From Flatiron School to Acquisition: A Flatiron Alum’s Path to Starting and Selling a Company
Business School grad and Flatiron alum, Justin Belmont was no stranger to entrepreneurship when he enrolled in Flatiron School’s Web Development Immersive. By the time the company he co-founded, Perkla, was acquired by ID.me, he had the programming chops to continue his career in product management. Justin sat down with us to share why he […]
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Business School grad and Flatiron alum, Justin Belmont was no stranger to entrepreneurship when he enrolled in Flatiron School’s Web Development Immersive. By the time the company he co-founded, Perkla, was acquired by ID.me, he had the programming chops to continue his career in product management. Justin sat down with us to share why he started learning to program and talk about how technical skills factor into his new role.
Let’s start with your background. What brought you to starting a company, and ultimately to Flatiron School?
I’m a native New Yorker and a graduate of Swarthmore College, where I studied Art History. After college, I started a few businesses including an online art gallery, but I eventually realized that I wanted to contribute to building software products at a larger scale.
So, I applied to business school and landed a job at Merchantry—an eCommerce software startup. Business school at Columbia was an incredible experience because it opened by eyes to all of these different aspects of how an organization grows. However, I knew that I wanted to make my career in technology—and there was one thing missing.
It seems like you were sort of into the swing of starting businesses well before attending Flatiron School—so what made you feel like you had to learn how to program?
At Columbia, I had some awesome chats with current product managers. And in each conversation, I found myself thinking, “DREAM JOB.” The opportunity to spend my days working across the various teams of an organization—development, design, marketing, sales, finance, etc— was clearly perfect for someone like me. But over and over again, when I asked what makes a successful product manager, I was advised to learn to code. Indeed, how could I communicate with technical people if I didn’t speak their language? Enter Flatiron School.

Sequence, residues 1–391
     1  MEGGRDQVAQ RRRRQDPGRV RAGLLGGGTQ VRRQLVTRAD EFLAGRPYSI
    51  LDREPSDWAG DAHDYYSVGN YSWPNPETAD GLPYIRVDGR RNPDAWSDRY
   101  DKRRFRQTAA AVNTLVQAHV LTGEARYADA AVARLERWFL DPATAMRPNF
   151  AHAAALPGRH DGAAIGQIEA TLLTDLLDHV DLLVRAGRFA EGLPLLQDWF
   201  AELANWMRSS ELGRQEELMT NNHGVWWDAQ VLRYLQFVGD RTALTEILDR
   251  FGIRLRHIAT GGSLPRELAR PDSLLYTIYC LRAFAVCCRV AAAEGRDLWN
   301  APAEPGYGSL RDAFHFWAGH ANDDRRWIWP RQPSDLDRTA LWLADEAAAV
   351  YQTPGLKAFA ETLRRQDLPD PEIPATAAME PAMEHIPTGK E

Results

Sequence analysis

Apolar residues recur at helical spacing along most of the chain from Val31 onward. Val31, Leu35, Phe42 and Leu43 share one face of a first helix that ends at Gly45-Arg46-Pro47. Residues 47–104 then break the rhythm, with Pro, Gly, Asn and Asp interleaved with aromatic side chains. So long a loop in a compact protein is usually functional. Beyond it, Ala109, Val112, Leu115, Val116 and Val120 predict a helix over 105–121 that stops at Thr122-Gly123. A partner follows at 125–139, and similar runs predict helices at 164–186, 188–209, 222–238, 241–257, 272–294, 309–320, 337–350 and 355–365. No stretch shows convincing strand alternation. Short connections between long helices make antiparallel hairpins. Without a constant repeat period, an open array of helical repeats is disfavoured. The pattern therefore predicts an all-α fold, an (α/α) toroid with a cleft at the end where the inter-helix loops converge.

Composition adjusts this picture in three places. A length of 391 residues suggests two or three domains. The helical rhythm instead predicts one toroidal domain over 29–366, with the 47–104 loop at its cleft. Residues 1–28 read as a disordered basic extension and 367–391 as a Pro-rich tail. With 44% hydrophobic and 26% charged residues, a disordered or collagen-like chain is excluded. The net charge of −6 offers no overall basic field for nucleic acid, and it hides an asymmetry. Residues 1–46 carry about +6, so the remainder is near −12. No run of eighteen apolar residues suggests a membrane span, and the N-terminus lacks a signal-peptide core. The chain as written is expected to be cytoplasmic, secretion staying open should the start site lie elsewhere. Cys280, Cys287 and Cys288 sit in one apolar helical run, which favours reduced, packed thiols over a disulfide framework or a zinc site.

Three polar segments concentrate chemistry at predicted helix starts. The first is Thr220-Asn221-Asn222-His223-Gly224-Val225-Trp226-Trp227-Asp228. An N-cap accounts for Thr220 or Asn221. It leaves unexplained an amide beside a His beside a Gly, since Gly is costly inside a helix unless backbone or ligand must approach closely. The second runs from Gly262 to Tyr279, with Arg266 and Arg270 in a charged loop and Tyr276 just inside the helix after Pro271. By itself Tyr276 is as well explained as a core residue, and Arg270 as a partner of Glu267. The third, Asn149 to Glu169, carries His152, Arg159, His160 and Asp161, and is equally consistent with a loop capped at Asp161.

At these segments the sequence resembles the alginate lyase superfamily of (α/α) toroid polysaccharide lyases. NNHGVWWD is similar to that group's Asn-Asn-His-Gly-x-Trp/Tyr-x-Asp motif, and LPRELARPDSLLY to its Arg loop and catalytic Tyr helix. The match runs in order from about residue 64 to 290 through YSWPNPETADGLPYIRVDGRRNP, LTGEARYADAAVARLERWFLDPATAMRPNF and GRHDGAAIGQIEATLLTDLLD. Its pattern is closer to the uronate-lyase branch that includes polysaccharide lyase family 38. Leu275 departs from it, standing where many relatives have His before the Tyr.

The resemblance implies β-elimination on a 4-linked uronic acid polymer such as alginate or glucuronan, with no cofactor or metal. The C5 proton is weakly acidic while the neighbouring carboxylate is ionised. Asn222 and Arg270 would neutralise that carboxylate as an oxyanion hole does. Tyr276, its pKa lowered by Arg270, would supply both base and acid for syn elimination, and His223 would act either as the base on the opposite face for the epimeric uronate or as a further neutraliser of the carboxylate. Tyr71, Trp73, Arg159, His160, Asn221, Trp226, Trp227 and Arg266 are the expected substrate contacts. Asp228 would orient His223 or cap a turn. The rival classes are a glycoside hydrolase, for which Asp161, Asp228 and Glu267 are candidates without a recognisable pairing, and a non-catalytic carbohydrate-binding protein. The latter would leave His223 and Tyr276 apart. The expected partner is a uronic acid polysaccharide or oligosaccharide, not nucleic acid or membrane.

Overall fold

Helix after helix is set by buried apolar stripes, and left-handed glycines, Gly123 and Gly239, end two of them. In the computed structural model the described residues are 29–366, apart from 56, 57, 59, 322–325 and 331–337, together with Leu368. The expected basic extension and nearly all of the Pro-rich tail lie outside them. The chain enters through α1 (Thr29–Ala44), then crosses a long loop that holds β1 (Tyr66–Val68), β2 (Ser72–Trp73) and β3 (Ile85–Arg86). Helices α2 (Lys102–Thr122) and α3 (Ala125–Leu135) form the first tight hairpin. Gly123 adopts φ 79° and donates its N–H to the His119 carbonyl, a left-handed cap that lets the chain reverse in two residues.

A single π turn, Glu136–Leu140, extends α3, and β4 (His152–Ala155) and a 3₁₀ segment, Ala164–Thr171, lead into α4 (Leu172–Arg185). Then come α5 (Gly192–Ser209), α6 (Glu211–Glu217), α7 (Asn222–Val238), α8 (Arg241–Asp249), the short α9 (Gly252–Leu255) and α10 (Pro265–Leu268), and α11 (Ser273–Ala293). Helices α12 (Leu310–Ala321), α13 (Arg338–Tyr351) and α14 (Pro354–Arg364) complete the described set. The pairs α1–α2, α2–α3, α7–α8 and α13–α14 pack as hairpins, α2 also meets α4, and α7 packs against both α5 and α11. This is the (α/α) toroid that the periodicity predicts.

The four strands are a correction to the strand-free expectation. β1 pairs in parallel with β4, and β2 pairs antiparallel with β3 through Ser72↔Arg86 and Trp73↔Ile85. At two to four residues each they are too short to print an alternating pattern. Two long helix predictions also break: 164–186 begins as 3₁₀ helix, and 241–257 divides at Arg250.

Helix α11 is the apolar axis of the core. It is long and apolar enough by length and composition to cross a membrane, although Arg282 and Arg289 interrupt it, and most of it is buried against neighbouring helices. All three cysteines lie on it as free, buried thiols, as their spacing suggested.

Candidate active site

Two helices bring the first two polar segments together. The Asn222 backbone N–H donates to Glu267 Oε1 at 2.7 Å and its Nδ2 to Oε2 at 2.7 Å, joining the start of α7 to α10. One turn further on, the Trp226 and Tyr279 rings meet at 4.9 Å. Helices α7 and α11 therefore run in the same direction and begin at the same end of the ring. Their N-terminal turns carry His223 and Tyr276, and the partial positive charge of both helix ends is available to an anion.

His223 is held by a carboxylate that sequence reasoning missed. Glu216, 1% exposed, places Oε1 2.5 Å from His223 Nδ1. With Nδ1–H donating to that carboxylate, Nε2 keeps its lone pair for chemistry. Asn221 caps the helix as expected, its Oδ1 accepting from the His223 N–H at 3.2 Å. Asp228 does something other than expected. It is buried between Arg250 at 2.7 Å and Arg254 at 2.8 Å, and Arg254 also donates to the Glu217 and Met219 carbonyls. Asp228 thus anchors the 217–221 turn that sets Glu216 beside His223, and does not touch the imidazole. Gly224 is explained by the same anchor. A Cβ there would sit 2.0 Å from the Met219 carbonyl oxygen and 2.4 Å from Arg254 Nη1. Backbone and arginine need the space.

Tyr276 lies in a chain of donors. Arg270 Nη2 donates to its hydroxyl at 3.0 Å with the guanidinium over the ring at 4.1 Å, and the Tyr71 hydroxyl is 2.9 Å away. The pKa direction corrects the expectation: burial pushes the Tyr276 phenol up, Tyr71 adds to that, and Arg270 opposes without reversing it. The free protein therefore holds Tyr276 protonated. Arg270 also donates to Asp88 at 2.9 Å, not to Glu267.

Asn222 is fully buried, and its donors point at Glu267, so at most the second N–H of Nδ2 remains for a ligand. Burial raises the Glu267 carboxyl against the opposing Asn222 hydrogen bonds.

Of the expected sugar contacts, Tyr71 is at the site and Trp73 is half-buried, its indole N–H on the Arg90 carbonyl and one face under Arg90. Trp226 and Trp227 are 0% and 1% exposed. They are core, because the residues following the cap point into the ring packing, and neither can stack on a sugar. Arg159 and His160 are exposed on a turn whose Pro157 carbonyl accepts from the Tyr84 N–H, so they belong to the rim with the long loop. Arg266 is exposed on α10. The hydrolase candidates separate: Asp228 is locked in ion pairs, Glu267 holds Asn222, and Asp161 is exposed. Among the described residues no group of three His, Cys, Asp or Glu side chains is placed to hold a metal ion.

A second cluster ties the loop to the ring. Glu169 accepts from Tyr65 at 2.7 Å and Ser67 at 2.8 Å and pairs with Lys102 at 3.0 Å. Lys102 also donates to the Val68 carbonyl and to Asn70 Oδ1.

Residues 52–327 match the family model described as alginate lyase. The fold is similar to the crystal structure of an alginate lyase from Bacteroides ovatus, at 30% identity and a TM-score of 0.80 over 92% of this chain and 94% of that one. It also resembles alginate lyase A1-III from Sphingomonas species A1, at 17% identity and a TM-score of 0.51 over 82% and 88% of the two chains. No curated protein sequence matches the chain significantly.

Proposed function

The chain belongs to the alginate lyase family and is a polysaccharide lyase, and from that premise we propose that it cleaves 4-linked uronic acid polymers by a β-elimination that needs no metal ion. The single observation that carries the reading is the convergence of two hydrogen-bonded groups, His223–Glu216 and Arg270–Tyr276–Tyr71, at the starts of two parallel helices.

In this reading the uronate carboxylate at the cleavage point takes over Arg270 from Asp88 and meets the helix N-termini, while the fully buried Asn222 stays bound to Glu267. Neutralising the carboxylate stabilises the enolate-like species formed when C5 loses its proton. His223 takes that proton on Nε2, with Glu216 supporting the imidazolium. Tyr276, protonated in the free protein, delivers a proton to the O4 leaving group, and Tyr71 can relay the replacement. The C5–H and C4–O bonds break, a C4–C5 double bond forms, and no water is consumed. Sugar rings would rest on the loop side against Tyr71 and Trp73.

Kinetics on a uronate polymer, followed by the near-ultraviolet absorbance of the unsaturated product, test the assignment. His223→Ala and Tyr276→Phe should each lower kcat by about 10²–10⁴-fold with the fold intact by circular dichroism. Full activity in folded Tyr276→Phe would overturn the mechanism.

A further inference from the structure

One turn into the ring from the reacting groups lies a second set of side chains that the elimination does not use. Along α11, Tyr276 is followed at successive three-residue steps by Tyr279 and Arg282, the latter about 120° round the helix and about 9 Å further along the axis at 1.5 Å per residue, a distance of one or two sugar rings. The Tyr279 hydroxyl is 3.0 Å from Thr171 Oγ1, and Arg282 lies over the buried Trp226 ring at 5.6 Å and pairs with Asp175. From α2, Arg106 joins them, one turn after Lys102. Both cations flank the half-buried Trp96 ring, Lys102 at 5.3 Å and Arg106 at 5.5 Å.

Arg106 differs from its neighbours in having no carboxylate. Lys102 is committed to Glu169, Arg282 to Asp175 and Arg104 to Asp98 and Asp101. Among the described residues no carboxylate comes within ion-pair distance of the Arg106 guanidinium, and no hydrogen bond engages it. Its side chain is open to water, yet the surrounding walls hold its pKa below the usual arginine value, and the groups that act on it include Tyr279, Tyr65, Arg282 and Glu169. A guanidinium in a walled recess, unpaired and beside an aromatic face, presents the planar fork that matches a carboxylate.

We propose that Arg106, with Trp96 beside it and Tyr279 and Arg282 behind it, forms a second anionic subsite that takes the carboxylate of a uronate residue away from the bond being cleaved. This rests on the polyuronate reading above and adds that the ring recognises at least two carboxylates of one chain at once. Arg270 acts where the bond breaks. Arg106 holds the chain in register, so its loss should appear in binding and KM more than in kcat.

You started a company for college students called Perkla a little while ago–can you tell me a little bit more about how this one came to be?
When I started at business school (after years of being in the working world) I was amazed by how many awesome discounts students get. But, in many cases, there was no way to access these deals online! So, the idea was simple—create an online platform where brands can offer great discounts to verified students. That’s what we did. Huge brands like Reebok, Bonobos, Converse, Express, Nine West, and Cole Haan all came together on Perkla.
After a little over a year, we were acquired by ID.me. I’m so excited about all of the resources and talent they bring to our mission. We’ve got some pretty exciting stuff in the works.
What do your responsibilities look like now that you’re a Director of Product Management at ID.me?
As Director of Product Management, I’m charged with leading all of the company’s product initiatives for its new retail rewards marketplace. This means working across the organization to identify and launch new features.
Have you been using you’re newly acquired programming skills at the new job?
Of course! Our team runs Ruby on Rails so the foundation I got at Flatiron has, without question, enabled me to do a much better job at work. I’m certainly a better product manager because of it—as I’m able to participate at a much more granular level.
Do you have any advice for aspiring technical founders?
Yes! Learn to code! The sooner the better.
Posted by Flatiron School / December 2, 2014
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